“These conclusions, the researchers are quick to note, are tentative, pending better data. They only found 23 English language studies that took on the relationship between bicycle safety and infrastructure… The research on injuries and infrastructure that the researchers did uncover is often contradictory and does not use standardized (or even always decipherable) terms to identify different types of facility. There are deep problems with the reporting of data on cycling crashes and injuries.”

    Also, your second paragraph does nothing to illustrate your introduction… does it? Or am I missing something?
    Your freind,
    J

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  • jacque November 3, 2009 at 1:08 pm

    I like the bike box.
    I hope it gets people into the habit of always getting in front of, (or behind) and never to the side of, a car stopped at a light.

    Besides safety…
    I too, like not sitting behind the tail pipe, and the way the bike box lets drivers take note that a passed bicycle is likely to be in front of you again at the light… maybe they’ll chill out a little more if they keep seeing this.

    I can’t imagine what the neg would be for those boxes.

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  • Harald November 3, 2009 at 1:14 pm

    Looking only at English-language studies in this particular field = epic fail. I definitely know that at least in the literature from Germany bike lanes fare significantly worse. I suspect this is mostly related to the absence of studies about intersections–the most dangerous place for cyclists on separate facilities (right hooks).

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  • Dave November 3, 2009 at 1:30 pm

    The problem is, that makes terminology all the more complicated – what does German literature mean, for instance, by bike lane? Is it just paint? Is it off to the right side of the road? Is it physically separated from car traffic? Is it on-road, or completely separate from the road?

    Given practical experience, the Dutch have probably spent the most time and effort on their cycling network of any country, and they also have the safest traffic in the world (and not just for bikes, but for pedestrians and automobile drivers as well).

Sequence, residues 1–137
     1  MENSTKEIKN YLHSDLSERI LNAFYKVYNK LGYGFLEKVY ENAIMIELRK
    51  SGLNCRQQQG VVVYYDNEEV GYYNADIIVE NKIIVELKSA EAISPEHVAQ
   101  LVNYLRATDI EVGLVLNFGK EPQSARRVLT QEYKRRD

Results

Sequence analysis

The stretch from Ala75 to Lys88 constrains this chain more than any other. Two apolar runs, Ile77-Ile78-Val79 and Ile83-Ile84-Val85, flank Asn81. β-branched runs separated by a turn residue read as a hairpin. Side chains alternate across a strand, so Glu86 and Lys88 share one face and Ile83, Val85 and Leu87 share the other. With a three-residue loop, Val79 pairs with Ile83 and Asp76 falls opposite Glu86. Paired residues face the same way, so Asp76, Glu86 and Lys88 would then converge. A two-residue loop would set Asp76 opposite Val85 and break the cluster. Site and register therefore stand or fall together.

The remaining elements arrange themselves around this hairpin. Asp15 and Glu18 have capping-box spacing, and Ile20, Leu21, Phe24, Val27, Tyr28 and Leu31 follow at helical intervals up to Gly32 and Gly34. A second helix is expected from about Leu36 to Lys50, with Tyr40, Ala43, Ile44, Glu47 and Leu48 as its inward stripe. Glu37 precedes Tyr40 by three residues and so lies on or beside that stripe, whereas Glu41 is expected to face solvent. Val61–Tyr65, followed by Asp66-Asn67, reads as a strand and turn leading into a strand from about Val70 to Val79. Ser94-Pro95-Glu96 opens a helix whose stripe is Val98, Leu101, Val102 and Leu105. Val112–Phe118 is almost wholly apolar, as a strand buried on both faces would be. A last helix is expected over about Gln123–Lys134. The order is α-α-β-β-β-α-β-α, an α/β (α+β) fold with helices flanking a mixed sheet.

I have a feeling what it boils down to is this – infrastructure itself is not necessarily going to help. Well-planned infrastructure can make a big difference. If we were to actually think about our traffic system as a whole, and design it from scratch to accommodate all modes safely and efficiently, what we would get would be vastly superior to all the retrofitting we are doing now. And, I bet it would look more like (not identical to) that in Denmark or The Netherlands.

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  • jacque November 3, 2009 at 1:55 pm

    Amen Dave

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  • Todd Scott November 3, 2009 at 2:01 pm

    What frustrates me is that these studies don’t use the same infrastructure terms/definitions as the AASHTO guidelines. Is a sidepath a sidewalk or a multi-use path?

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  • Borgbike November 3, 2009 at 2:13 pm

    Jeff Mapes book, Pedaling Revolution, offers a great historical overview of debate between the “take the road” position and bike-lane advocacy.

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  • Elly Blue (Editor) November 3, 2009 at 2:20 pm

    Hi Jacque — thanks for the friendly critique. In defense of the story’s title, the study is pretty clear that its conclusions are all solid and significant based on the data that exists. The data that currently exists may be problematic but that doesn’t necessarily make any conclusions invalid, or they would not have been able to use it in a peer reviewed study.

    I’d be open to changing the title — but am low on ideas for how to convey all of that concisely. Anyone?